Image by Herb Greene, via Wikimedia Commons “Once we’re done with it, the audience can have it.” — Jerry Garcia It so happens that one of the greatest things about the Internet is also one of the not-so-greatest things: you hardly ever have to leave the house anymore. Of course, for traders and collectors of bootlegs, this has been a major boon. Obscure tapes a fan might spend years tracking down in previous times can now be searched, found, and downloaded with ease. And — as a special a...
Tags: Google, Music, College, San Francisco, Grateful Dead, Facebook Twitter, Wikimedia Commons, Jerry Garcia, Nick Paumgarten, Durham NC Follow, Donna Jean Godchaux, Cornell University Ithaca NY, West San Francisco, Paumgarten, Veneta, Herb Greene


Experience Footage of Roaring 1920s Berlin, Restored & Colorized with Artificial Intelligence

Offered the chance to travel back in time to any city in any period, surely more than a few would choose Berlin in the 1920s. Ideally it would be Berlin in the mid-1920s: after much of the social and economic damage of the Great War had been repaired, but before the Great Depression reached Germany at the end of the decade, doing its part to enable the rise of Hitler. The closest experience to stepping in that time machine yet developed is the video above, a series of clips from Walther ...
Tags: Google, Facebook, New York, Film, College, Germany, Berlin, History, Hitler, Seoul, Havana, Weimar, Weimar Republic, Facebook Twitter, Fritz Lang, Paris New York


Is “Rain” the Perfect Beatles Song?: A New Video Explores the Radical Innovations of the 1966 B-Side

“That one was the gift of God… of Ja actually—the god of marijuana, right? So Ja gave me that one.” The Beatles 1966 Revolver, a mini-masterpiece, contains all the elements that would inform the band’s revolutionary late-60s sound on Sgt. Pepper’s, Abbey Road, The White Album, and Let it Be. The album’s first track, “Taxman,” announced “a sweeping shift in the essential nature of the Beatles’ sound,” writes music historian Kenneth Womack. Its ultimate track, “Tomorrow Never Knows,” was “...
Tags: Google, Music, College, John Lennon, Paul Mccartney, Playboy, Ringo, Mccartney, Lennon, Robert Rodriguez, PAUL, Facebook Twitter, EMI, Josh Jones, George Martin, Durham NC Follow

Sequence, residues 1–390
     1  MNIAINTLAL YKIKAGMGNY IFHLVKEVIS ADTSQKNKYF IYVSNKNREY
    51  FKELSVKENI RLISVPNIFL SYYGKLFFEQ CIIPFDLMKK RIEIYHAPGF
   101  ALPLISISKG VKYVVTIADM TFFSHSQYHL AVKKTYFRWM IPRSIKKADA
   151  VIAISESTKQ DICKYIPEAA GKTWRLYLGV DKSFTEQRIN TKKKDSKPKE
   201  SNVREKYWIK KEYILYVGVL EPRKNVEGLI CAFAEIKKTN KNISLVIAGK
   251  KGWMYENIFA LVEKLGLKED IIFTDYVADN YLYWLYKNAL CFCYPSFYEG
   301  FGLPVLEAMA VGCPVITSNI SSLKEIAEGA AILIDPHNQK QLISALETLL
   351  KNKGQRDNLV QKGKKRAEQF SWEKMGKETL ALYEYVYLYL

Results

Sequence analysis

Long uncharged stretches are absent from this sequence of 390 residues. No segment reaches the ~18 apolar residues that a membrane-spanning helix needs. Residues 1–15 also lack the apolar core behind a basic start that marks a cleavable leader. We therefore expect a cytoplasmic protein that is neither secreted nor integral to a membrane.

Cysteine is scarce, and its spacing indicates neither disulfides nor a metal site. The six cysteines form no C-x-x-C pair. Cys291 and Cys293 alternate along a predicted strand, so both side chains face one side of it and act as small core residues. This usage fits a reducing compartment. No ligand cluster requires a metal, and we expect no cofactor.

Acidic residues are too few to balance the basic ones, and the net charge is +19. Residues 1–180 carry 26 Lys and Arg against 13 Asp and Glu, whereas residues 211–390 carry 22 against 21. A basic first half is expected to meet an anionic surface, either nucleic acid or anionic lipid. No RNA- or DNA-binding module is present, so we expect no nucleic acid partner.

The Trial of the Chicago 7 and the Oeuvre of Aaron Sorkin: An Assessment by Pretty Much Pop: A Culture Podcast (#89)

https://podtrac.com/pts/redirect.mp3/traffic.libsyn.com/secure/partiallyexaminedlife/PMP_89_4-4-21.mp3 In lieu of an Oscars episode, the Pretty Much Pop podcast this week considers one of the nominated films, The Trial of the Chicago 7, and the career of its writer/director, Aaron Sorkin, which started with A Few Good Men through four TV series (most notably The West Wing), and films like The Social Network, Steve Jobs, and Molly’s Game. Your hosts Brian Hirt, Erica Spyres, and Mark Linsenm...
Tags: Google, Television, Podcasts, Film, Molly, College, Aaron Sorkin, Chicago, Netflix, Social Network, Facebook Twitter, West Wing, Sorkin, David Marchese, Adam Chitwood, Mark Linsenmayer


The Strangest Books in the World: Discover The Madman’s Library, a Captivating Compendium of Peculiar Books​ & Manuscripts

If you are a frequent reader of Open Culture, or the many blogs we tend to read — especially those concerned with the rare, unusual, and obscure — it’s likely you’ve encountered some of the books in The Madman’s Library, Edward Brooke-Hitching’s fantastic new volume of literary oddities. If not, you’re probably familiar with a few of the categories he identifies under his subtitle, “The Strangest Books, Manuscripts and Other Literary Curiosities from History.” These include “Books Made o...
Tags: Google, Books, Cook, London, College, Smithsonian, Saddam Hussein, Yeats, George, Facebook Twitter, Josh Jones, Jonathan Swift, Durham NC Follow, Edward Brooke Hitching, Brooke Hitching, Peculiar Books amp